deaths (e.g. Jesus and the Báb) and the murder of many of their early
followers (martyrs) their ideas, which are at first strongly opposed,
eventually, as they show their power of renewal, transform society and usher in
a new civilization.
Their teachings therefore, unlike the teachings of philosophers, conquer
mankind through their intrinsic power and, when they are put into practice,
prove themselves fruitful and give birth to flourishing civilizations. No
civilization, including modern Western civilization, is known that was not born
through such a process.
However, in the course of time these teachings lose their effectiveness amongst
men and -- according to the universal law of evolution -- having yielded their
fruit they decline and die. It is then that a new Manifestation appears
announcing a new message and new teachings so that mankind may achieve a new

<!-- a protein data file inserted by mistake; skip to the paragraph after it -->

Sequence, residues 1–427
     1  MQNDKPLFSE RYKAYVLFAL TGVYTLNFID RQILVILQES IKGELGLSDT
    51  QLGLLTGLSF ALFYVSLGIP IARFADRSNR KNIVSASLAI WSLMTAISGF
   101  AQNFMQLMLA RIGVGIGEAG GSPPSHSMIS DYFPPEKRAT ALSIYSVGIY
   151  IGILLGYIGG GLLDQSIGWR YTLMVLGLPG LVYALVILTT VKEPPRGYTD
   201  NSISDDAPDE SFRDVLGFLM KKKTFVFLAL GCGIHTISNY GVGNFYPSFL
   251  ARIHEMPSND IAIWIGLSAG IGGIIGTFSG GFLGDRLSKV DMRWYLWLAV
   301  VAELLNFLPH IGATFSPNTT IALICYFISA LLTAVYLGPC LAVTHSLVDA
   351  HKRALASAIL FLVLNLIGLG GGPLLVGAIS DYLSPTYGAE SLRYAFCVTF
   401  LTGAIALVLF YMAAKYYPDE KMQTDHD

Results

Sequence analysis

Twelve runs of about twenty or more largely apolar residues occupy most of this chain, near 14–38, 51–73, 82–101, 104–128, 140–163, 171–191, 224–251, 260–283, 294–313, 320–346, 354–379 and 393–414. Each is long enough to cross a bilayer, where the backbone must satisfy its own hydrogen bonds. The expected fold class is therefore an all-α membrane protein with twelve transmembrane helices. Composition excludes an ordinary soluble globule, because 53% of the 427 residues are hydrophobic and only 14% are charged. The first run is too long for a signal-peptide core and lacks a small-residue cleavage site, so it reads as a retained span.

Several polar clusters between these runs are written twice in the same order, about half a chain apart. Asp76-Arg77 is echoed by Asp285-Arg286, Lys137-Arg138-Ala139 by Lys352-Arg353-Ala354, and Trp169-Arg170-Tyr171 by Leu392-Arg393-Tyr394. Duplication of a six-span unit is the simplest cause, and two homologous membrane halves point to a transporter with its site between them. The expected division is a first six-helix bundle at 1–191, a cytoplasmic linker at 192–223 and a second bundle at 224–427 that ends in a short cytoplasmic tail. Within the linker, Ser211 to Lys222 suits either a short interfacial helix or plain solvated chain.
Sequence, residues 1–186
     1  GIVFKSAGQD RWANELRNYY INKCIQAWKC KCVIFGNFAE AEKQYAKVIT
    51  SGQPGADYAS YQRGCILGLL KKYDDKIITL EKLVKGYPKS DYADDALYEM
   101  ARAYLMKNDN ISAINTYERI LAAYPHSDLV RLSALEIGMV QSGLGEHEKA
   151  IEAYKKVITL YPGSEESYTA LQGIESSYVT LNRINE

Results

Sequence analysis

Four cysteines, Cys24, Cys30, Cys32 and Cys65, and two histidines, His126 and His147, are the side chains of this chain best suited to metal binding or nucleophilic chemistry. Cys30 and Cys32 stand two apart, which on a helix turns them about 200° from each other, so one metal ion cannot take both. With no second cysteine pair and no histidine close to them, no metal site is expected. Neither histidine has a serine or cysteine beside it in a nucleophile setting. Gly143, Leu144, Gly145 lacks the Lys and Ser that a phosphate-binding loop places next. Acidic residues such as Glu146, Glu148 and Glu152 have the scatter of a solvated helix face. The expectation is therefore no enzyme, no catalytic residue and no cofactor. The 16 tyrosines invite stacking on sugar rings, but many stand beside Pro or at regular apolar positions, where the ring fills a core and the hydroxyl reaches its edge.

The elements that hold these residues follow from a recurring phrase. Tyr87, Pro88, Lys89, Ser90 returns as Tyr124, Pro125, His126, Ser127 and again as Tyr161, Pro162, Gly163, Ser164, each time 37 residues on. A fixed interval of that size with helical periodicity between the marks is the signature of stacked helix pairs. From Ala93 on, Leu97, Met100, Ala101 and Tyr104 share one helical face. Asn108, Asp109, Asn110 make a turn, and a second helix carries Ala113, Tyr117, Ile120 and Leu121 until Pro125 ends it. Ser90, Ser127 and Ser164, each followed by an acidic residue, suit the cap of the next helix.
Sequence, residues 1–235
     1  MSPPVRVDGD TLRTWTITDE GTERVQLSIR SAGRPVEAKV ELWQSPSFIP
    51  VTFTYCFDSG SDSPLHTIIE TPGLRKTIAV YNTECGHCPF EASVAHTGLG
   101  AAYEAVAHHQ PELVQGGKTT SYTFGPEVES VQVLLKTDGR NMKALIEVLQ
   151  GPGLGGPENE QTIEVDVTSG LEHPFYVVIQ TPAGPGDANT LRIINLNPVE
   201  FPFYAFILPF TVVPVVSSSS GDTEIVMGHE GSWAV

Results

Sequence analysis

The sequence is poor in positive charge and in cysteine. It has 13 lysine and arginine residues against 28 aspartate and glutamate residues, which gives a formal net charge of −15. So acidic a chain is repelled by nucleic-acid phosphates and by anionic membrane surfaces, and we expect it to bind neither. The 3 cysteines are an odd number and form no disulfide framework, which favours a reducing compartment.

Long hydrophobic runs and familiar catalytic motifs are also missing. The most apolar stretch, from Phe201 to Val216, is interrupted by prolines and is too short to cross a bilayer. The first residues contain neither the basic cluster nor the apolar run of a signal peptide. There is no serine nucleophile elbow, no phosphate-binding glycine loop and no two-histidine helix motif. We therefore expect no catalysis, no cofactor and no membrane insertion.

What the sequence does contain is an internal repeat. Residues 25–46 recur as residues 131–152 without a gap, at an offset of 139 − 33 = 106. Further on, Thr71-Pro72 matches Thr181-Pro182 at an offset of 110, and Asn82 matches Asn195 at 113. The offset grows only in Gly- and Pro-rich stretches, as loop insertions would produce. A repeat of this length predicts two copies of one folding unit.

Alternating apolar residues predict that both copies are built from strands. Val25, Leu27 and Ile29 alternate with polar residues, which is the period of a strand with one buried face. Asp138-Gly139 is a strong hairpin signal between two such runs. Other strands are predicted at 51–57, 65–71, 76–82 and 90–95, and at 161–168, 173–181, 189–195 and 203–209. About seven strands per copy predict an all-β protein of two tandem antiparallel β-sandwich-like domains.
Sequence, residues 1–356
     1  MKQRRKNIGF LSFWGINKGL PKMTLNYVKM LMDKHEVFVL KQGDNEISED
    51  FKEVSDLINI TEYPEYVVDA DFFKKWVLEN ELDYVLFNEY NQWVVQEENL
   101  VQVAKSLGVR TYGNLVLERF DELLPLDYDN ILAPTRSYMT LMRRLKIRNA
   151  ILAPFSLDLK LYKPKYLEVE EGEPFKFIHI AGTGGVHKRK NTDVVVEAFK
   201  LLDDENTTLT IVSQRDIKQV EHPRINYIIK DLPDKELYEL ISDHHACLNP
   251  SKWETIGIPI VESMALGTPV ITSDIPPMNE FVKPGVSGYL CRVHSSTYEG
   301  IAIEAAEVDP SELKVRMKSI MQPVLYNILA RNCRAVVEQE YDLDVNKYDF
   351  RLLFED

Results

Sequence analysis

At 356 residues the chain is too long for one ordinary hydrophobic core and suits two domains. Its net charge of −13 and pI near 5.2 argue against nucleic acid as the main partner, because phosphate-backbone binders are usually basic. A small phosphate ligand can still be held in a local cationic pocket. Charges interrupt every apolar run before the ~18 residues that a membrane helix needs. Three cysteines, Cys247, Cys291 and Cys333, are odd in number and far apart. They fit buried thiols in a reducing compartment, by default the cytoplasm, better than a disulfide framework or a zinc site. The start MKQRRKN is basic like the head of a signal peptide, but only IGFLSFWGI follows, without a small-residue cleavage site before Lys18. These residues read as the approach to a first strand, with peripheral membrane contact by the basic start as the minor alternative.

spiritual life. The cycle of the ages -- an expression of the never-ending
`circle of existence' -- proceeds in its
eternal motion even in the case of historical religions which -- like any other
phenomenal reality -- are born, grow, yield their fruit, decline and die.
These personages are fundamentally different from the great heroes of history.
They are characterized by two distinctive features:
Their teachings -- set forth by words and mostly in the form of one
or more holy texts -- represent the essence of such spiritual laws as are fit
for mankind in its specific stage of growth. In fact, when mankind complies
with them, its spiritual, intellectual and social progress is realized. They
are the `science of reality', says `Abdu'l-Bahá, `the greatest bestowal
of God'; and He adds: `... the sphere of the divine teachings is boundless...
without the teachings of God the world of humanity is like the animal kingdom',
which anyhow `is not cap-able of apprehending them'. In fact, these teachings
`are the bestowals specialized for man', `above all other source of instruction